The European Court of Justice (ECJ) has held in a recent case that claim settlement services provided on behalf of an insurance company by a Polish service provider were not exempt from VAT (Minister Finansów v Aspiro SA (Case C-40/15)).
The EU VAT Directive provides that insurance transactions, including related services by insurance brokers and insurance agents, are exempt from VAT.
The key question in the case was whether the service provider performed services related to insurance transactions as an insurance broker or agent. While the service provider had a direct contractual relationship with the insurer, it acted as a broker or agent only if its services included finding prospective customers and introducing them to the insurer with a view to concluding insurance contracts. The ECJ held that the service provider's activities did not meet this test despite claims settlement being an essential part of insurance transaction, and the services were, instead, a division of the insurer's activities.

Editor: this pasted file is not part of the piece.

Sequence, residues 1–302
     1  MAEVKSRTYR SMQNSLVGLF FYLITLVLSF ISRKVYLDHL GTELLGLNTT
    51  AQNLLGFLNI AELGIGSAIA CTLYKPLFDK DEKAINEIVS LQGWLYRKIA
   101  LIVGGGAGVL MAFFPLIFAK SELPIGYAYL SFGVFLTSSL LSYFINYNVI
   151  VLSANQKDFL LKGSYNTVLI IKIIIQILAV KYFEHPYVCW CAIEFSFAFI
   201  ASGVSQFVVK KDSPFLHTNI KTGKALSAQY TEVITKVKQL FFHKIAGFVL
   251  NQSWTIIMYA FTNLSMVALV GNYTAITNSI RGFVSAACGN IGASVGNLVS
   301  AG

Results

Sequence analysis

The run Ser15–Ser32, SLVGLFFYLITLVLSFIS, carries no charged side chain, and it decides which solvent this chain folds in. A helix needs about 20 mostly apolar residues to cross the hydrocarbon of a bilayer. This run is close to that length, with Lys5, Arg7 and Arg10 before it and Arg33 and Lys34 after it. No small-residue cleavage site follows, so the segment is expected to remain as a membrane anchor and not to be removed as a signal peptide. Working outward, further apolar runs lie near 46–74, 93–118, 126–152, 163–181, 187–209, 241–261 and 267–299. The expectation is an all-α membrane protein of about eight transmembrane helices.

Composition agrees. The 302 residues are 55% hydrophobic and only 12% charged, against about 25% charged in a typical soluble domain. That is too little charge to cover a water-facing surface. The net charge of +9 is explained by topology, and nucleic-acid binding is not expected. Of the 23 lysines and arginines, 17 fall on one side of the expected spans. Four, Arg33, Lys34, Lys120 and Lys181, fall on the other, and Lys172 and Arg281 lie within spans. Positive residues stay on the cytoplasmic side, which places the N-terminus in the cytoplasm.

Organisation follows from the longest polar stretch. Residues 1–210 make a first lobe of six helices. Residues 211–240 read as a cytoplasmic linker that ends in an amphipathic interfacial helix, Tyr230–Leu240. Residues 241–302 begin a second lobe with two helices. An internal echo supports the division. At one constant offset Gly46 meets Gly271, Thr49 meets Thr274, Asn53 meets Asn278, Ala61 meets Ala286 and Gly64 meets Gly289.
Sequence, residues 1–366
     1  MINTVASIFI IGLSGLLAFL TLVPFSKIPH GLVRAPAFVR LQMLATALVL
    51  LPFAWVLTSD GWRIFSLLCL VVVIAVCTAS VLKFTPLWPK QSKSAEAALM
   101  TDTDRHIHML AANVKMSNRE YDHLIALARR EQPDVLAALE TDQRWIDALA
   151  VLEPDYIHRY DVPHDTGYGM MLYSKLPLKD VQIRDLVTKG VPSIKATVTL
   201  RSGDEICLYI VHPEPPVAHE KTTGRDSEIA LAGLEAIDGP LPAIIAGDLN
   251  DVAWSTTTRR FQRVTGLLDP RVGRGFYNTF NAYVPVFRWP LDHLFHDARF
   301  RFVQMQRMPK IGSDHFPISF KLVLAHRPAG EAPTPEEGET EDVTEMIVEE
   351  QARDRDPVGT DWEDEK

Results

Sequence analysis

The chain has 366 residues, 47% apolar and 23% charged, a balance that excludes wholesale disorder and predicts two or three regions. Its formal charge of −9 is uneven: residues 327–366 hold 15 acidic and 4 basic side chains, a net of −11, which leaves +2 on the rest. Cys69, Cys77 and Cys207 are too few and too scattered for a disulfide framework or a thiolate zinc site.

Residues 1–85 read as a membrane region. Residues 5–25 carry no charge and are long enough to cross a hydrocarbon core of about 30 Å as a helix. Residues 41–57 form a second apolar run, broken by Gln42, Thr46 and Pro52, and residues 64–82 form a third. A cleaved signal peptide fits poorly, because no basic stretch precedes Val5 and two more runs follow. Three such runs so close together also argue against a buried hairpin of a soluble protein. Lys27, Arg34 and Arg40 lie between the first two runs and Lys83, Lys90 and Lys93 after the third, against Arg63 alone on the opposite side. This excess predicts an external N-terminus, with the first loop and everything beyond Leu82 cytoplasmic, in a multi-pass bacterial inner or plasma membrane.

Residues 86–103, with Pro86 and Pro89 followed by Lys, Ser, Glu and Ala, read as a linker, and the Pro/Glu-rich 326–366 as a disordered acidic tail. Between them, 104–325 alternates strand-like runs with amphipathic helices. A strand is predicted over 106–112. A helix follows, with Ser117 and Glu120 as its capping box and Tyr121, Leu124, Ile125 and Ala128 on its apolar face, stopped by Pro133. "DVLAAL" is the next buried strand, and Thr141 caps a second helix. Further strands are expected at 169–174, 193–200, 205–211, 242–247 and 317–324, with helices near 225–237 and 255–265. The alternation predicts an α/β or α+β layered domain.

The issue for UK insurers is that currently UK VAT law provides that claims handling is an exempt service. HMRC had previously stated that it believed the UK's VAT exemption was too wide, and would need to be amended, but this proposal was shelved some time ago after lobbying by the industry.
In light of the Aspiro decision however it is likely that HMRC will want to review the position again and may well lobby the Government to amend the legislation so as to make claims handling a vatable service. This follows a number of recent HMRC successes in the courts regarding the extent of the VAT exemption for insurance-related services, such as the First Tier Tribunal case of Risktop Consulting which held that a company that analysed risk for insurers and liaised with the insured to help the insured reduce identified risks was not an "insurance agent".
Any such change would have a significant impact on insurers and might lead to increased premiums. Any developments in this area will need to be closely monitored.